I recommend neuroscientist Adrian Owen’s new book, Into the Gray Zone. The “gray zone” refers to patients who undergo such traumatic brain injury that they are diagnosed as vegetative, minimally conscious, comatose, or in other medical states where they aren’t fully present. Owen’s career has been devoted to getting full access to their brains through various forms of brain testing.
The author nimbly combines scientific, philosophical and personal approaches to brain injury. He repeatedly details the scientific means that allowed him to start and extend his career. We learn about his use of PET (positron-emission tomography) and then his move to fMRI (functional magnetic resonance imaging).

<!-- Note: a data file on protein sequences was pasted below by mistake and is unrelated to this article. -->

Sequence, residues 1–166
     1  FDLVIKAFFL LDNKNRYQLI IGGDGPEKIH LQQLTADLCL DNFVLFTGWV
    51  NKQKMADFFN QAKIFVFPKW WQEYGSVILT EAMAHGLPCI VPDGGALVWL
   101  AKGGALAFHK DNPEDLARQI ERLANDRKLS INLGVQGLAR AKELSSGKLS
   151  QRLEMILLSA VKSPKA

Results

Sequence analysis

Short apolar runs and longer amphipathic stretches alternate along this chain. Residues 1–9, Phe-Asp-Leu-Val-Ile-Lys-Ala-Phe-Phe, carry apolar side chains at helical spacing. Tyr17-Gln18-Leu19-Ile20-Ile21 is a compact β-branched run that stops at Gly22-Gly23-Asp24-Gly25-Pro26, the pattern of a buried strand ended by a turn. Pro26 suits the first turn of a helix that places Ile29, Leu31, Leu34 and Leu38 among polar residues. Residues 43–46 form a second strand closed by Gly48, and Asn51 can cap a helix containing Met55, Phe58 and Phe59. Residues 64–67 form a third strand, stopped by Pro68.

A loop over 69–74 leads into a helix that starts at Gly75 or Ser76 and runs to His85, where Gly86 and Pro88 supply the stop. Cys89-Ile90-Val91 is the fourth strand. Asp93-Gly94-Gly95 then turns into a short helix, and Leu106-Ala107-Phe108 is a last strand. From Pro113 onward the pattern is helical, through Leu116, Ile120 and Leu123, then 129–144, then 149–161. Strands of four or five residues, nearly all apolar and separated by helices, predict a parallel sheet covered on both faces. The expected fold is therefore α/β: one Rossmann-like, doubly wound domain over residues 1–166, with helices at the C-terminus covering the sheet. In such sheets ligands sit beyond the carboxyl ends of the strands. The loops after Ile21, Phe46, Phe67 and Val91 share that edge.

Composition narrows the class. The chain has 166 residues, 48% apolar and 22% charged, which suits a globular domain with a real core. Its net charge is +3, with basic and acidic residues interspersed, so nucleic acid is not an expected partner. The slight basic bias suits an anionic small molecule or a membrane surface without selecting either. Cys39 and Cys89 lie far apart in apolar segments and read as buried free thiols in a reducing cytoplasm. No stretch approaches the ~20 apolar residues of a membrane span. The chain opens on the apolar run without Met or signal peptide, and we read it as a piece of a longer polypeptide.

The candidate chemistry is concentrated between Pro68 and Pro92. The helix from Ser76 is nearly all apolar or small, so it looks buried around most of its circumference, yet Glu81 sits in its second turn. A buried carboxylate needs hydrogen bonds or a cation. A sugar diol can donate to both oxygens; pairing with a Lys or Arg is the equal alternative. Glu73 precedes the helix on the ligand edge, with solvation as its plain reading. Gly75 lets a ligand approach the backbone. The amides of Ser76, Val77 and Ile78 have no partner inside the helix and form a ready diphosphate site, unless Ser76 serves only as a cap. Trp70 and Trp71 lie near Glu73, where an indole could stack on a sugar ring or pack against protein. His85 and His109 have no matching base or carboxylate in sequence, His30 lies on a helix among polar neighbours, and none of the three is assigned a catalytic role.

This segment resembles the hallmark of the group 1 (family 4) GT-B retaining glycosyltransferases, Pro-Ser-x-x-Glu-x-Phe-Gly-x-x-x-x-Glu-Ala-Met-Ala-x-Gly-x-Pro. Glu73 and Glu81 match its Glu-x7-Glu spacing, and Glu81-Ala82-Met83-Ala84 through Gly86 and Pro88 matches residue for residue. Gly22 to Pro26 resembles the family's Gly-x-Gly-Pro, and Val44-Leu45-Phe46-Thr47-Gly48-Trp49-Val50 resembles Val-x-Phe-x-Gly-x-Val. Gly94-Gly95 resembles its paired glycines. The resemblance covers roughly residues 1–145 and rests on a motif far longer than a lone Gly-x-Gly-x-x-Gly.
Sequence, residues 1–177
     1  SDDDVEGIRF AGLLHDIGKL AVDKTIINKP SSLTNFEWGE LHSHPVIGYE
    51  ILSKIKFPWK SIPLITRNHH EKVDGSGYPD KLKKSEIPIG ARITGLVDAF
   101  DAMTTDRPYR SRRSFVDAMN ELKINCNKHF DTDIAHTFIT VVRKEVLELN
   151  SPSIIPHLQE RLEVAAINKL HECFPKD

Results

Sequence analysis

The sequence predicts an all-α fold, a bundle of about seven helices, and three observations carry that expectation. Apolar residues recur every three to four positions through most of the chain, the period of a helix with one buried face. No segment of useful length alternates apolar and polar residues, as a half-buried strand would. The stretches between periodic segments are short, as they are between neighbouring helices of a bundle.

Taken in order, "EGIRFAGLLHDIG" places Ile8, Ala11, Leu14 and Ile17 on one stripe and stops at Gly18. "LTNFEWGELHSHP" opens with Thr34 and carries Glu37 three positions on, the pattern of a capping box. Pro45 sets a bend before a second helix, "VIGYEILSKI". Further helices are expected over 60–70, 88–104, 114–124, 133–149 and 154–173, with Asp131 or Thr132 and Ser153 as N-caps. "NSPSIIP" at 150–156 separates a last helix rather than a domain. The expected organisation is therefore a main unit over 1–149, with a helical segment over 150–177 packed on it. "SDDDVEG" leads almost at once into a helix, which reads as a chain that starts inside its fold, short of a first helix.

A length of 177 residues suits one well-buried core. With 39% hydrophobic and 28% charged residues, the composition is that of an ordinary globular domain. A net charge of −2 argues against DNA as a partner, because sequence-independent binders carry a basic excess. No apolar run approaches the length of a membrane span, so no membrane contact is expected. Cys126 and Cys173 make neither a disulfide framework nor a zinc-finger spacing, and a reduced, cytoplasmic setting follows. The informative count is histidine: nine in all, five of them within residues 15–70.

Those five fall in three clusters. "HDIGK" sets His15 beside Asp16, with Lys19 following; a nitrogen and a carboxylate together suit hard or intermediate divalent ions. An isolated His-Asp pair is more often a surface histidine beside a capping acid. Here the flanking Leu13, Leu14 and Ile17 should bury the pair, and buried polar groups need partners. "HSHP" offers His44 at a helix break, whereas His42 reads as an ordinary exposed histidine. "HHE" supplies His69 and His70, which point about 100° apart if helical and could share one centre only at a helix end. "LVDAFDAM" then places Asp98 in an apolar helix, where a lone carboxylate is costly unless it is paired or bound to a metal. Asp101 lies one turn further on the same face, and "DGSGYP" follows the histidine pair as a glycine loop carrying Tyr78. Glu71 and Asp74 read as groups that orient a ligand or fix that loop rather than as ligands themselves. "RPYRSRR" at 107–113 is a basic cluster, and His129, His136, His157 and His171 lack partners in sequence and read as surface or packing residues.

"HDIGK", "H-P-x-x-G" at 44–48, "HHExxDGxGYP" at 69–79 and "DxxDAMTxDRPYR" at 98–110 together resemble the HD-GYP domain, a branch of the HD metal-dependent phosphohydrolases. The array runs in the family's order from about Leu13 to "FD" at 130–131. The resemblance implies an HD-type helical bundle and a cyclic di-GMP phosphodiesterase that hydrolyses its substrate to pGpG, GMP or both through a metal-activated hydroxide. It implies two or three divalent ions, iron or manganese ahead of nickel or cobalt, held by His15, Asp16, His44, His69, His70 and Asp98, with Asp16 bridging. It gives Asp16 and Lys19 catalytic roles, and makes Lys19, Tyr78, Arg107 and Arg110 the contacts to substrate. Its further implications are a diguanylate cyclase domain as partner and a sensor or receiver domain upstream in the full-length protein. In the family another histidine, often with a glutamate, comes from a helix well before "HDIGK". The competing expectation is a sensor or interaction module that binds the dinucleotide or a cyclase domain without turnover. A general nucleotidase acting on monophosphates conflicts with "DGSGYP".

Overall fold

Kate was the first patient whose consciousness he recognized through PET scans. Kate—surprisingly—recovered, and later wrote to Owen, asking him to use her case to show others that they too could be discovered despite their illness. Owen “felt an enduring, close connection with Kate, something that had a profound influence on me and my work; she was always Patient #1, always the person I’d refer to when I gave lectures about how this journey began” (p. 37). Continue reading